The artist’s haunting, computer-generated projections in the Clark Art Institute’s exhibition offer an overview of her dominant, wide-ranging concerns.
About a dozen years ago, I unexpectedly encountered one of Jennifer Steinkamp’s mysterious, mutable, computer-generated works, a cascade of swaying, frankly fake blossoms on delicate vines, newly installed by the entrance of an elegant restaurant near where I live. (Ever since, it has made waiting for a table a pleasure.) Titled “Rapunzel,” the moving projected tangle was at once beautiful and vaguely discomfiting; alluring because of its constant, unpredictable movement and color shifts, but also puzzling. The title triggered associations with the tales of the Brothers Grimm, which terrified me as a child, adding to the ambiguity. I’d seen other Steinkamps before, mainly trees responding to the passing seasons, but “Rapunzel” seemed especially surprising and enigmatic.
I followed Ms. Steinkamp’s work when I could. Then, in 2012, we met as participants in a College Art Association panel about modern color, where I was impressed by her lucid presentation. We said something about staying in touch, yet never did. So I was delighted to learn about “Jennifer Steinkamp: Blind Eye,” now on view in the Tadao Ando designed Lunder Center at Stone Hill at the Clark Art Institute. The exhibition includes five generously sized to downright enormous works made between 2005 and 2018, from an expanded version of “Rapunzel” to the brand new “Blind Eye, 1.” Together, the five projections provide an informative overview of some of Ms. Steinkamp’s dominant, wide-ranging concerns.
Nothing, however, is quite what it seems. As is often typical of Ms. Steinkamp, all the works at the Lunder Center derive from nature, but their imagery and colors, while seemingly photo-based, at first acquaintance, quickly announce that they are invented, computer-generated and manipulated; more important, these mesmerizing, mobile phenomena soon make it plain that they are not intended as naturalistic, digital-age equivalents of things seen, but rather as metaphors for everything from attitudes toward women to the migrant crisis.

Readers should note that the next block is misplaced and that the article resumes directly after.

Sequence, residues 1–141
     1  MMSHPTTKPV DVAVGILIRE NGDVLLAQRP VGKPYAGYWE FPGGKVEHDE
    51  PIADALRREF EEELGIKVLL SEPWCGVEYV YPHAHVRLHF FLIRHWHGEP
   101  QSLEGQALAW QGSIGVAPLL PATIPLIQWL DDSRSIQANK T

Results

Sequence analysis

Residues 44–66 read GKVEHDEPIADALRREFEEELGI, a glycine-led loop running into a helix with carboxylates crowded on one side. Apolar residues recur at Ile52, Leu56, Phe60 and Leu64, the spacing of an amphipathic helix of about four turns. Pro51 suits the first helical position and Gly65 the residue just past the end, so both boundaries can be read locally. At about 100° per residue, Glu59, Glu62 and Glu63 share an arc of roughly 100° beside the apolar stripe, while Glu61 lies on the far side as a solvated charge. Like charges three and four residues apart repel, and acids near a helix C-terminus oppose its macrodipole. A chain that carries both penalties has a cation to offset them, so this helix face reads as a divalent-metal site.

“Rapunzel, 5” (2005), the earliest work on view, fills a 12-by-18-foot wall with shaggy pink and purple blossoms in various stages of development. Hanging downward on fragile stems, they describe slow arabesques against a curtain of vertical stalks punctuated with occasional leaves. The story of the princess imprisoned in the tower and the prince who climbed her golden tresses is familiar, so, prompted by the title, we equate the swaying tendrils with dangling locks. But the excellent catalog of “Blind Eye” recounts the more lurid first edition of the tale, which connects the sinuously moving flowers with a plant that is craved by Rapunzel’s pregnant mother with disastrous consequences. Somehow, Ms. Steinkamp encapsulates the disturbing undercurrents of the Brothers Grimm’s tale of subservience and vengeance, transforming “Rapunzel, 5” from (admittedly magical) high-tech wallpaper into something compelling and scary.
Similarly, the two trees in “Fly to Mars, 6” (2006) and “Fly to Mars, 9” (2009) provoke thoughts about mortality, as well as seasons. It has something to do with the isolation of the images against infinite blackness and with the way Ms. Steinkamp slows time. The trees toggle from leafy green to sparse red and back again, abruptly, but at intervals so widely spaced that we often miss the transitions; fail to pay attention and everything changes. As with other works, such as “Rapunzel, 5” or “Premature, 6” (2010), the show’s sole abstraction, we look for systems and repetitions, but usually fail to find them, which makes us look harder.
“Diaspore, 2” (2014) confronts us with more than 21 feet of knotted branches, trapping random leaves and seeds. Here, the repetition is clear, suggesting an unbreakable cycle. The gatherings blow across the projection, bouncing against the edges, loosening and clenching. Leaves swirl, spread, coagulate, then spread again. The title suggests how airborne seeds and spores are disseminated, yet the windblown leaves and restless branches also become potent evocations of the perils of migration today, as thousands flee political unrest and natural disasters across hostile territory.
“Blind Eye, 1” (2018), commissioned by the Clark, spreads a 43-foot-wide row of life-size pale birch trunks against a dark ground, tops and bases cropped to confront and dislocate us. The varied trunk sizes imply deep space, but also read as a fence-like barrier. Leaves sprout from a welter of small branches, forming a dense screen, then turn yellow and drop. Tiny new leaves appear, like stars against the darkness. Seen against the woods visible through the gallery window, the accuracy of Ms. Steinkamp’s perceptions is obvious, but so is the artifice of her seeming naturalism. The black markings on the trunks become stylized eyes and the once-benign forest becomes threatening. Despite the arresting beauty and provocative use of motion in her work, there’s also a sense of the sinister. We’re back with the Brothers Grimm, in uncanny territory where danger lurks. Once again, Ms. Steinkamp has proved herself one of the rare video artists particularly adept at finding poetry in the specifics of her medium. Nothing is what it seems.